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Research Areas

Ongoing Projects

TMEM16 phospholipid scrambling in endothelial biology


We recently demonstrated that the transmembrane proteins TMEM16E and TMEM16F  support coagulation on the endothelial surface by allowing negatively charged phospholipids to pass to the outside of the cell. How these two “phospholipid scramblases” operate within endothelial cells to coordinate this process is unclear.

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Using cell-based expression systems, microscopy, and animal models, we aim to determine the mechanisms and implications of phospholipid externalization in vascular cells. One basic question is why both TMEM16E and TMEM16F are required for regulation of procoagulant activity in endothelial cells? Another is how TMEM16 proteins regulate endothelial biology such as barrier function, formation and liberation of extracellular vesicles, and transcytosis. We identified that benzbromarone, a compound used medically worldwide to treat gout, can inhibit TMEM16 proteins and protect against thrombosis in animal models without increased bleeding. We are working to develop more specific inhibitors of TMEM16E and TMEM16F and study their role in prothrombotic conditions such as cancer, autoimmune disease, and COVID-19.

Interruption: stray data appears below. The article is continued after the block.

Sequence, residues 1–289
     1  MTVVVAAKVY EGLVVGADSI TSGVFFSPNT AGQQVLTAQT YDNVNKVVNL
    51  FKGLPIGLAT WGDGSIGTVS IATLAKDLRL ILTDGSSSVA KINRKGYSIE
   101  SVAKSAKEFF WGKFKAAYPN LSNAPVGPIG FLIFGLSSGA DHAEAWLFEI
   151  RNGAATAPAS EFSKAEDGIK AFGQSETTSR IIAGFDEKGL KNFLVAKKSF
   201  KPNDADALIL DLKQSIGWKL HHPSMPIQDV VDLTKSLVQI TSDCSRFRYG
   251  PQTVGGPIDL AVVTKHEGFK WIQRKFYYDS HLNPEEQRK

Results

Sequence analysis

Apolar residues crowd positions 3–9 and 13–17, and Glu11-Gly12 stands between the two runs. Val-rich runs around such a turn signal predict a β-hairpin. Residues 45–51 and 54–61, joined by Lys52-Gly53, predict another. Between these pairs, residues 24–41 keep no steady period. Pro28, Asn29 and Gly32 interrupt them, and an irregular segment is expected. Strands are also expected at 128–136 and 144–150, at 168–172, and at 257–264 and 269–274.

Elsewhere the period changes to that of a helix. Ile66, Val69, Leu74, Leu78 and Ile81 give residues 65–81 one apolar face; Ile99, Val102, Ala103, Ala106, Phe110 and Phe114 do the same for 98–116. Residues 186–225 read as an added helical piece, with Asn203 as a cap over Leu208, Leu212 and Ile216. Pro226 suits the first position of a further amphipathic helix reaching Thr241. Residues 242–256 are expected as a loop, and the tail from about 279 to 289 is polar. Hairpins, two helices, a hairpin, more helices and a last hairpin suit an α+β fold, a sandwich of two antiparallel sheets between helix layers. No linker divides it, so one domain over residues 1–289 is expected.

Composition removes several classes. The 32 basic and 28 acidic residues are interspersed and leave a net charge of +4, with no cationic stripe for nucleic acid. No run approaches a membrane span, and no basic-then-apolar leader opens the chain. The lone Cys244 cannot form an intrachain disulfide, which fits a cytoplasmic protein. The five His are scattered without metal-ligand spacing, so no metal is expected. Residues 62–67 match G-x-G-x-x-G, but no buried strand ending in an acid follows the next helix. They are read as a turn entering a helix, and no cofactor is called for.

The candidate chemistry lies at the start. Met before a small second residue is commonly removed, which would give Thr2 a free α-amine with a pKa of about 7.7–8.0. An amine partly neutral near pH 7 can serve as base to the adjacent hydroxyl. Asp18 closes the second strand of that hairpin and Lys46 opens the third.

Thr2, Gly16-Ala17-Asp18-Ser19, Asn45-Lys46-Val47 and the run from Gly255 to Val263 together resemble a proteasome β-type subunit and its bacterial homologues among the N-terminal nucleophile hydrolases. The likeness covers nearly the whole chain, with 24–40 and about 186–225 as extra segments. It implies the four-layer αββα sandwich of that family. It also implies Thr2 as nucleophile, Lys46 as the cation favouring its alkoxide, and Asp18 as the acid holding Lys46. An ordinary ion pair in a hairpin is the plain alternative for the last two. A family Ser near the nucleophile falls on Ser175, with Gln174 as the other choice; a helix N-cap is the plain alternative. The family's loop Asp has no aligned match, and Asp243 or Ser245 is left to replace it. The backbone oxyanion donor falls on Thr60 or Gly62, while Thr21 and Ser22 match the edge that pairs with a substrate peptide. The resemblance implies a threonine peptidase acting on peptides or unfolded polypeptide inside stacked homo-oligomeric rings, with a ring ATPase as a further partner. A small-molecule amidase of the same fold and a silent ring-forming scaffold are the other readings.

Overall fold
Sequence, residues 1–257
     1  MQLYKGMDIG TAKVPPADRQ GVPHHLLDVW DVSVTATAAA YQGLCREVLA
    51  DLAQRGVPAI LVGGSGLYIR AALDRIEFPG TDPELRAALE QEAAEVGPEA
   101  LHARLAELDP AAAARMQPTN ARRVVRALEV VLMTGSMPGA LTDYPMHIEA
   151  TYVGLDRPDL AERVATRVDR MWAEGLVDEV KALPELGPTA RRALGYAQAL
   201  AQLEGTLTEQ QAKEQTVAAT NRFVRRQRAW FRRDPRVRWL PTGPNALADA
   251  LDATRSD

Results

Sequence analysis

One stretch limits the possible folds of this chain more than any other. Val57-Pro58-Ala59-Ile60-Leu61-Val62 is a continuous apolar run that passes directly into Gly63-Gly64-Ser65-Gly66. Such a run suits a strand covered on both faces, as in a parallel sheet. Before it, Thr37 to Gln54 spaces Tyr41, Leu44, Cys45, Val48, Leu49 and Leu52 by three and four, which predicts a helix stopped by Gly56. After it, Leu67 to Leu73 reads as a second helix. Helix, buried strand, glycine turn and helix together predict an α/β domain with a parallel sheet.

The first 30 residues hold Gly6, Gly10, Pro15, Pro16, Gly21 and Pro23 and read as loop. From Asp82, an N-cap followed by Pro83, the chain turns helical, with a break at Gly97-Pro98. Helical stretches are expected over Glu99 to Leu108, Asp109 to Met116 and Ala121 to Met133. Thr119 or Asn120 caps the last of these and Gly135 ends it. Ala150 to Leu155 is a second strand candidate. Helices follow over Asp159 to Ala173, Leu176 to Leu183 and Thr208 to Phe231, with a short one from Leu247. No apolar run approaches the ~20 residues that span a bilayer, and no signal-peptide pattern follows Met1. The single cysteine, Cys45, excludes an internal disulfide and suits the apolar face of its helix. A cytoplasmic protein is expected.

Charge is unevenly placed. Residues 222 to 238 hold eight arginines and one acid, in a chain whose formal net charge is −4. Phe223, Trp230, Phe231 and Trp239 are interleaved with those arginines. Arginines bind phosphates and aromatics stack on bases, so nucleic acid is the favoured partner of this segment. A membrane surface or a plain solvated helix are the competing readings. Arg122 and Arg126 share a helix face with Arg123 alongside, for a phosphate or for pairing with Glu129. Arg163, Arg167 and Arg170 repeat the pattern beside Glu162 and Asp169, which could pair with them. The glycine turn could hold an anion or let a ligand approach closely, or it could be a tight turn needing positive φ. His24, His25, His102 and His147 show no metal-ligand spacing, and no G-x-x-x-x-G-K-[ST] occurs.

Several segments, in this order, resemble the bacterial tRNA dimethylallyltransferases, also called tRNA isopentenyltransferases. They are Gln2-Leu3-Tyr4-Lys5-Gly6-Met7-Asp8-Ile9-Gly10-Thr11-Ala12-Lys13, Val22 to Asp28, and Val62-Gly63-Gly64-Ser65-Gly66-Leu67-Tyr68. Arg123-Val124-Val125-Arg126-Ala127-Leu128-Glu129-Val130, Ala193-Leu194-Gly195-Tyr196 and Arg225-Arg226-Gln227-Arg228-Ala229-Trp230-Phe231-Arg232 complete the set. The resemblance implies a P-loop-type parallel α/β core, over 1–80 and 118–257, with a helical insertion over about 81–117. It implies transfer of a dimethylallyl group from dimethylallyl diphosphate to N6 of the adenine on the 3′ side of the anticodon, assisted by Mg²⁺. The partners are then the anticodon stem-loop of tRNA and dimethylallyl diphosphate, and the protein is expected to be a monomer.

Regulation of endothelial cell cytoprotective signaling to protect against thromboinflammation


Our work has shown that activation of Tie2 receptor tyrosine kinase signaling promotes an anti-inflammatory and anti-thrombotic phenotype in endothelial cells. We are developing novel ways to activate receptor tyrosine kinase signaling using small molecules and optogenetics in order to target cytoprotective signaling to areas of vascular inflammation.

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